Our will is free within the boundary that our body will allow. In other words, we cannot step out of our way of perceiving and conceiving because it is part of our biology. We cannot modify the fact that a great deal of what we think and do is confined within our body. Our mind is embodied in a radical sense. We cannot change the manner in which our mind uses the conceptual metaphor thereby creating a great deal of the content of a new conception based upon our past experience.

Theonefroberg,

Interesting background. From the popular front, you should check out Phantoms in the Brain, by Ramachandran, and just about anything by Oliver Sacks (you may have heard of / read “The Man Who Mistook His Wife For a Hat”). Even those are more “pop sci” reads, they provide absolutely fascinating insight to certain specialized neuronal clusters that must exist in human brains. There’s also the half-technical “How the Mind Works” by Stephen Pinker - that man kicks ass. It’s more hard-core psychology, than neurology per se, but close enough, and very interesting.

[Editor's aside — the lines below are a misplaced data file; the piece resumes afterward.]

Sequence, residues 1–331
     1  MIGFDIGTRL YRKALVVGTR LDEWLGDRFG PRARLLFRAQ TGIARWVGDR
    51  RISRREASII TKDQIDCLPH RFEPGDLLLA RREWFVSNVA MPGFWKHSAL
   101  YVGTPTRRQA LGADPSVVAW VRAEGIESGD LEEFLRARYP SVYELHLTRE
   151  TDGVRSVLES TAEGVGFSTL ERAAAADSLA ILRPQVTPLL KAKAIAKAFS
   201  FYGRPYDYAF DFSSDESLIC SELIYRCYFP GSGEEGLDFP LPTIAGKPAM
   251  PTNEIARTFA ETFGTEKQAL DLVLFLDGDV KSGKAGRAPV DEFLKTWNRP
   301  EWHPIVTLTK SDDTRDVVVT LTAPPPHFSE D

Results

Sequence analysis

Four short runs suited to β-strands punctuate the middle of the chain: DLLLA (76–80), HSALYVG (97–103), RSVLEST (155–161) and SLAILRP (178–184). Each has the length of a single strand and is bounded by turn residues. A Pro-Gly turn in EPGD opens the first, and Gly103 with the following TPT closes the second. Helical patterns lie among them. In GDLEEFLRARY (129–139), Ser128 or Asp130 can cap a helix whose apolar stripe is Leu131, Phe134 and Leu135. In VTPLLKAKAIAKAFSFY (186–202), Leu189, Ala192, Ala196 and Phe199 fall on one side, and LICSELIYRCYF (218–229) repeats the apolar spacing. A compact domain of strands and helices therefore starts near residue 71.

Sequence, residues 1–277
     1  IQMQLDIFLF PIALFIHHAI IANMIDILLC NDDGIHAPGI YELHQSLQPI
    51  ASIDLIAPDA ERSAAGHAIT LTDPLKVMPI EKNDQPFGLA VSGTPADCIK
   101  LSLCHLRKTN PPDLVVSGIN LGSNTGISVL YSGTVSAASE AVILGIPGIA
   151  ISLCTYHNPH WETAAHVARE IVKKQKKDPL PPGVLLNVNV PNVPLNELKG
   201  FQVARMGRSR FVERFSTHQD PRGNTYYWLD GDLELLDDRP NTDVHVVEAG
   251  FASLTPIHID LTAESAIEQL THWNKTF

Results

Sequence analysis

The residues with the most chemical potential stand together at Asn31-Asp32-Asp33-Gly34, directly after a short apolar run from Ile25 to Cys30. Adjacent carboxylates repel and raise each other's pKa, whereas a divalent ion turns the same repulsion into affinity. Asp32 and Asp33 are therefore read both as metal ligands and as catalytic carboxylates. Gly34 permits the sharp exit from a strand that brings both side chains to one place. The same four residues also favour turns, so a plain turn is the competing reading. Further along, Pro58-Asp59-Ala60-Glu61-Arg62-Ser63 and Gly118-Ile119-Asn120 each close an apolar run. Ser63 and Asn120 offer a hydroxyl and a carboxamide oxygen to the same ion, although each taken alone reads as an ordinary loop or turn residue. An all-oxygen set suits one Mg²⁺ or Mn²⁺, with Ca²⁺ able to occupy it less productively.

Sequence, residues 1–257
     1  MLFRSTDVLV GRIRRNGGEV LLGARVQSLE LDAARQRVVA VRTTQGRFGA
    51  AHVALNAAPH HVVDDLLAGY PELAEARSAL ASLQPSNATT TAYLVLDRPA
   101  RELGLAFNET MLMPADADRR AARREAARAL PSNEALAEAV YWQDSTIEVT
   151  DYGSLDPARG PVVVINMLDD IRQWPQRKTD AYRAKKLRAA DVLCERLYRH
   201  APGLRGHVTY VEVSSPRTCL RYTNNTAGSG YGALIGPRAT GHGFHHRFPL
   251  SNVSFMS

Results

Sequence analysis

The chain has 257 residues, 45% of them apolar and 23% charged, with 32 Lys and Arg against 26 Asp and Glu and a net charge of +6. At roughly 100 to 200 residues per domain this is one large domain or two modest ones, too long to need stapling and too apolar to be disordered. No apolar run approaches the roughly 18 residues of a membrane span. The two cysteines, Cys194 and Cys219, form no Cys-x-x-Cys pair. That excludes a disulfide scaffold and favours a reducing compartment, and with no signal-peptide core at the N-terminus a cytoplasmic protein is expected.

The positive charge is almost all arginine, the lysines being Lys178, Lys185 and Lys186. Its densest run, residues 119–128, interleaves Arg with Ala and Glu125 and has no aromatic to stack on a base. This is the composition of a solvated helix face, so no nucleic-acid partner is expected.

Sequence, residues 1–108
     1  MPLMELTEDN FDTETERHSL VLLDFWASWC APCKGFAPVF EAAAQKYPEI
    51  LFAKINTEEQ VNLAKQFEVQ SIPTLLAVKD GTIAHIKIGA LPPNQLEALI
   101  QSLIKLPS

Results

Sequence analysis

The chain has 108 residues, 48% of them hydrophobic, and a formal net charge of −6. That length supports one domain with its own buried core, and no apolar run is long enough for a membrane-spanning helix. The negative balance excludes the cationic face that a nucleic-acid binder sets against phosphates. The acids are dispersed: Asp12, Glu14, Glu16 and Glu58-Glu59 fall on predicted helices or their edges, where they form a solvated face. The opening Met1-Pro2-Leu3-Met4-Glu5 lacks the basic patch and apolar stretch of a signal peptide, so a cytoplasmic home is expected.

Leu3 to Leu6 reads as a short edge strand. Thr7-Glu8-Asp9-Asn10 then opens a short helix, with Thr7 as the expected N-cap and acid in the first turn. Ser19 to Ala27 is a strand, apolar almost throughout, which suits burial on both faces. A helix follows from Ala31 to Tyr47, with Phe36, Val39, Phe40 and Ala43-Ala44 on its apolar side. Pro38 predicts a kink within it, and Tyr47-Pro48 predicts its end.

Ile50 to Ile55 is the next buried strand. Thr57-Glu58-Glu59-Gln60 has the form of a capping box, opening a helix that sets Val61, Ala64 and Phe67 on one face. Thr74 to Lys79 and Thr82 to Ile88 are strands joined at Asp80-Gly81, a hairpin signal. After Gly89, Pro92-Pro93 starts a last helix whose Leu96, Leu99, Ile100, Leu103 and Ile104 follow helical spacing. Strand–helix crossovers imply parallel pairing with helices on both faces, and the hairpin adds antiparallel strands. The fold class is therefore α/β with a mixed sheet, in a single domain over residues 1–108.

Re: the schools, have you thought about Duke? It’s slightly more selective than your “Reach” schools, but it has a phenomenal neurobio program, and a terrific imaging department too, with two MRIs - a 2 tesla coil and a 5 tesla coil, I think. Also, I have some friends who work at the imaging department there, so if you wanted to visit the school, talk to some badasses, and thus have some people to vouch for you on your application, I’d be happy to introduce you. Beautiful campus, too; brilliant students and professors. They also LOVE undergrad apps involving HS science research.

I entirely agree.

What’re your views on other issues? Morality? Empiricism? Theism / atheism?